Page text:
Smart Clothing, Smart Girls: Engineering via Apparel Design
A total of 56 urban and rural middle school girls and 21 informal educators and volunteers participate in summer camps engaging them in problem-based exploration of STEM components of apparel design while using the Engineering Design Process.
Smart Clothing, Smart Girls is a strategy proposal using apparel design as a vehicle to attract middle school girls to STEM learning and engineering careers. Based on a theoretical framework that supports mechanisms for engaging young, female participants in STEM, the project team has thoughtfully designed an intervention that is hands-on, collaborative, and relevant - all combinations that have shown to improve how girls develop STEM identities, build self efficacy, and become motivated to pursue STEM-related activities. The project is developing two types of curricular models, one for on-campus experiences at Cornell and University of Minnesota-Twin Cities, and one for summer camp experiences with partners at 4-H and Girls Inc.
The project applies iterative design research to develop and test the construction of four modules. Relevant STEM topics are introduced each module focusing on the essential components of wearable technologies, which includes understanding material properties (thermal properties, impact protection, etc.), electrical circuits and electronics, 2D to 3D visualization, and the engineering design process. During the first year of the project, curricular modules are being designed and evaluated for a 40 hour summer experience on each campus. The second year, the camp experiences are refined and repeated, informed by evaluation of the first year. 4-H and Girls Inc. educators are deeply involved in the curricular module development so as to become familiar with the content and how to facilitate the modules. And in year three, the project team adapts the modules to formats which will be used by 4-H and Girls Inc. in off-site interactive experiences. Dissemination materials for this project include a detailed website, interactive video clips, and teaching kits (materials and curriculum). A total of 200 girls will test the content modules over three years. Eight leaders from 4-H and Girls Inc. will also be trained in project content delivery.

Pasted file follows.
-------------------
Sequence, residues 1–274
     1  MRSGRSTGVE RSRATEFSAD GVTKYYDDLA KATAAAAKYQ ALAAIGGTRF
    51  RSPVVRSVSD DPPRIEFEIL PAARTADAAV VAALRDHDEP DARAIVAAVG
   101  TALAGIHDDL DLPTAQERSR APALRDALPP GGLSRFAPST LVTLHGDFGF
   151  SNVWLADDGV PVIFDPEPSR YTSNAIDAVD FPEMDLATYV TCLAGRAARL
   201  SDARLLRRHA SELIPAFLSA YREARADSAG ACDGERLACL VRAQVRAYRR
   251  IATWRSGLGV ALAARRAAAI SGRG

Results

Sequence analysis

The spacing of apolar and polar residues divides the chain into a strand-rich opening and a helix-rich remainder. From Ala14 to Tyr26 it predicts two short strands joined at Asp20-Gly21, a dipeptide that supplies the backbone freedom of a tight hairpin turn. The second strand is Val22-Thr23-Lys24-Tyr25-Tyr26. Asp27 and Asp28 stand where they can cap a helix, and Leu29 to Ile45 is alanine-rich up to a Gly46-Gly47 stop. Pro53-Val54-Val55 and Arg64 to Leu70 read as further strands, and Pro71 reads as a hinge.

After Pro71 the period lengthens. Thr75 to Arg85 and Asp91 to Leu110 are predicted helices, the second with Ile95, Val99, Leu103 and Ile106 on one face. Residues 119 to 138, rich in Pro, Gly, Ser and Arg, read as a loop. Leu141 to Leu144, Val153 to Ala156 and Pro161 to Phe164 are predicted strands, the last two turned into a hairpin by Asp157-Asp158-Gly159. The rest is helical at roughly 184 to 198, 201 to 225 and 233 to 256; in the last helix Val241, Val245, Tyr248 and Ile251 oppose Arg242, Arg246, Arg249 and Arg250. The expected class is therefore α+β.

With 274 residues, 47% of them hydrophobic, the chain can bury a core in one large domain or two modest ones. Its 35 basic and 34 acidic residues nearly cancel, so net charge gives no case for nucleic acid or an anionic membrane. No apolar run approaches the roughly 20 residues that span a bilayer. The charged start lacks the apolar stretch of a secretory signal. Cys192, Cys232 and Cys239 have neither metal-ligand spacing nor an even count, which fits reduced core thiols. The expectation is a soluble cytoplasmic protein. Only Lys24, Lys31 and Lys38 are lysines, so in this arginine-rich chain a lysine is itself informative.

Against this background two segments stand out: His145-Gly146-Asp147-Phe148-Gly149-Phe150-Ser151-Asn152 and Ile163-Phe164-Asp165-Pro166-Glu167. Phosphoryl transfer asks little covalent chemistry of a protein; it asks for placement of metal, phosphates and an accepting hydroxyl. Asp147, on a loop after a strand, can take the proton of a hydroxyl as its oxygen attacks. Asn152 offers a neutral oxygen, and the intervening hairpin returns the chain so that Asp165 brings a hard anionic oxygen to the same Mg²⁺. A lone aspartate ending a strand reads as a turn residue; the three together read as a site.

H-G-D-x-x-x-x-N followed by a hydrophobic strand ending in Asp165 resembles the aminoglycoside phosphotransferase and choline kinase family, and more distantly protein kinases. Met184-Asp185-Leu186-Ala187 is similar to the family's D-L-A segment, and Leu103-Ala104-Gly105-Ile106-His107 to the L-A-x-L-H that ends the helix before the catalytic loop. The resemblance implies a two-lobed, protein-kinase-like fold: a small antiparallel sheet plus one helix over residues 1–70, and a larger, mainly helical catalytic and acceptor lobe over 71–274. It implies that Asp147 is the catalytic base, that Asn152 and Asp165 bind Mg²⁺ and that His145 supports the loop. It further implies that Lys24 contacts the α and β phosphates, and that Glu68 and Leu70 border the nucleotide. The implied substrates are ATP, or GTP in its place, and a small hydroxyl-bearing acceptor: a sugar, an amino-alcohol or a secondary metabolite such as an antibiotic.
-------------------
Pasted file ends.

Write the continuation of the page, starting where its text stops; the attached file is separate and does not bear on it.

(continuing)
This project will make significant contributions to the field by furthering what is known about effective engagement strategies for underrepresented populations from urban and rural environments, particularly middle school females, thus changing the way they perceive STEM and STEM careers. It also provides ample opportunity for enhancing the way emerging technologies are incorporated into informal learning environments.